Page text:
Most Limn Colors paints are lightfast and suitable for artist use. Paints are either "excellent", which corresponds to 8 of 8 on blue wool scale or I by ASTM ratings, or "very good", which corresponds to 6-7 of 8 on BW or II by ASTM. Both of those permanence ratings are suitable for artists.
Some pigments may have different lightfastness ratings when applied diluted versus masstone. For example, applying some "very good" paints in higher concentration instead of light tints may improve its lightfastness to "excellent", whereas the opposite is true for other pigments. You can test paints yourself by painting out a graded wash, cutting the paper into two equal pieces, placing one in direct sunlight, and comparing the two samples over time.
Buy the most stable and durable paper you can for your art. Papers can also darken, yellow, or break down over time, making your artwork deteriorate or show color changes regardless of the color stability of the pigments.
The four neon paints are fugitive, meaning not lightfast nor archival. While these won't stand the test of time in a museum or sunny room, they are really fun. You can paint with these colors in your sketchbook, use them in non-archival pieces, or apply them in work you intend to digitize.
When multiple pigments are used to make a single paint, it can end poorly. A manufacturer mixing white and red pigments to put pink on your palette may create a chalky, muted color. Or a violet made from a red paint and blue pigment might separate into its components in a wash if one pigment is heavier than the other (we love this effect, but not when it is unexpected or when you need an even, flat wash). Sometimes the downside shows up when you begin mixing colors, which can be a frustrating surprise. Say you have a bright paints that produce muddy mixtures; there may be hidden pigments clouding your mix. None of that means you have to be a purist and blend everything yourself from a set of primaries. We understand the value of convenience colors, and even offer a few. Almost all Limn Colors watercolor paints are made with a single pigment. Occasionally, to achieve a desired effect, a paint will be formulated with two pigments, which will be called out in the ingredients.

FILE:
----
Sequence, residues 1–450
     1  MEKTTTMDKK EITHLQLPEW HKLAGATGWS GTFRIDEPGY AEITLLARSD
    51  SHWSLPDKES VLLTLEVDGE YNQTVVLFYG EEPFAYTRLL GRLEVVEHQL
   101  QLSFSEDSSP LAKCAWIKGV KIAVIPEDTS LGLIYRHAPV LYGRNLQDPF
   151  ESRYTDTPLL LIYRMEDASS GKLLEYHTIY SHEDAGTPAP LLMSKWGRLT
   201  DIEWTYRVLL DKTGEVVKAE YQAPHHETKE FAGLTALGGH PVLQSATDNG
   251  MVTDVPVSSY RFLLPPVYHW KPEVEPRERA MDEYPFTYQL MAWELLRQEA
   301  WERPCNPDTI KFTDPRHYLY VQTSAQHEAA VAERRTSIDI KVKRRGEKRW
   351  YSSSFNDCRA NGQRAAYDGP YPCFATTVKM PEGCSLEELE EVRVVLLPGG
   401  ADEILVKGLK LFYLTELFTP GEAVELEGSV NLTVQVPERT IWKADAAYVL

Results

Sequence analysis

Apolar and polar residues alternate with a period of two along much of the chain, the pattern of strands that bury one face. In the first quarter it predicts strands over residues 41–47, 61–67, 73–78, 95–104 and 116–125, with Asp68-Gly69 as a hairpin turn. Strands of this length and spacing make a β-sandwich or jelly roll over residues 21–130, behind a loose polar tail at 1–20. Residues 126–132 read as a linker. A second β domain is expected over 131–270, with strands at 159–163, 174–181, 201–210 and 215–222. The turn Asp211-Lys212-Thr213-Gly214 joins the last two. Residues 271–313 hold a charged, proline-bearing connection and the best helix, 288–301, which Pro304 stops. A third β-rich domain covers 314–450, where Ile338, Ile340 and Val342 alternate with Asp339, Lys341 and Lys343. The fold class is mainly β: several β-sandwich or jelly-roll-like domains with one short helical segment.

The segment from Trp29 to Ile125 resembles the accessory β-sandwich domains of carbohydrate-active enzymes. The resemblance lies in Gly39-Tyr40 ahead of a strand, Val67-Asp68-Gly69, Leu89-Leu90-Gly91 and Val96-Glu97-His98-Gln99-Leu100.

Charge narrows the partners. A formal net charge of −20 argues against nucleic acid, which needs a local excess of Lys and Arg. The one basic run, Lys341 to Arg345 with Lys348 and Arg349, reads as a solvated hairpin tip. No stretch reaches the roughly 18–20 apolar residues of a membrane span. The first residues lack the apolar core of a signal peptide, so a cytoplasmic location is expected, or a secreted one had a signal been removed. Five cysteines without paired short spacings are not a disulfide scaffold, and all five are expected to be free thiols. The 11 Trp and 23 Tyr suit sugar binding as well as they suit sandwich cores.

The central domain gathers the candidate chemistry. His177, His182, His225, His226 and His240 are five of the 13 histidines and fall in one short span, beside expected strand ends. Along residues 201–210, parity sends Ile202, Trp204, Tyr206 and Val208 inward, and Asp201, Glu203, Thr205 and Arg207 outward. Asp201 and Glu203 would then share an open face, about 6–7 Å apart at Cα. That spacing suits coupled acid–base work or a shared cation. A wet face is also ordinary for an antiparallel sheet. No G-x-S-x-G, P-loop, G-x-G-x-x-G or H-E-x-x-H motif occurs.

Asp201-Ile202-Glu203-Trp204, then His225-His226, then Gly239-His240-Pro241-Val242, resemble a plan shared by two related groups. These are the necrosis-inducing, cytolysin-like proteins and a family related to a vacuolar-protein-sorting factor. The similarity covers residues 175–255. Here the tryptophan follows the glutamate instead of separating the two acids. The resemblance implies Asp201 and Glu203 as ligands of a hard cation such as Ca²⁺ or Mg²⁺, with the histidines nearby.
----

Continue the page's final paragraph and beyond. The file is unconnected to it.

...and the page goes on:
As a general rule, knowing the pigments in your paint, and their color properties like temperature, is a big step in being able to mix gorgeous, clear colors.
Half and full pans are familiar sizes if you buy pan paints. Though there is no single standard, our containers fit most palettes that hold pans, such as snap-in bijou boxes.
Each pan come with a plastic lid that slides off to the side. The lid was designed to offer protection during shipping without sticking to the paint like a paper wrapper might. You can recycle the lid if you don't want to store your paint pans individually.
For magnetized pans, slide the lids off and snap the open pans into the metal box. In most cases, the pans will not fit in the case with their lids on.
Whether you store your paint in a palette or with its shipping lid, you should let the pan dry out after each painting session before closing it up.
We strive to make the swatches and images on our site as close as possible to the actual paints. It's both fascinating and frustrating how different physical and digital color spaces are, particularly since all monitors and screens vary. Expect a little discrepancy between screen and paper. Please contact us with any questions.
Prices are determined by the pigment in the pan and the work involved in the paintmaking process. Some pigments are rare or difficult to create or extract from the earth, and thus more expensive. And some pigments take much longer to disperse and/or effort to complete. Variations in our pricing reflect those differences in material cost and labor.
A sticker on the side or bottom of each pan shows the item number, which contains a 4- or 5-letter abbreviation of the color name: CAMO for caput mortuum, QUMA for quinacridone magenta, etc.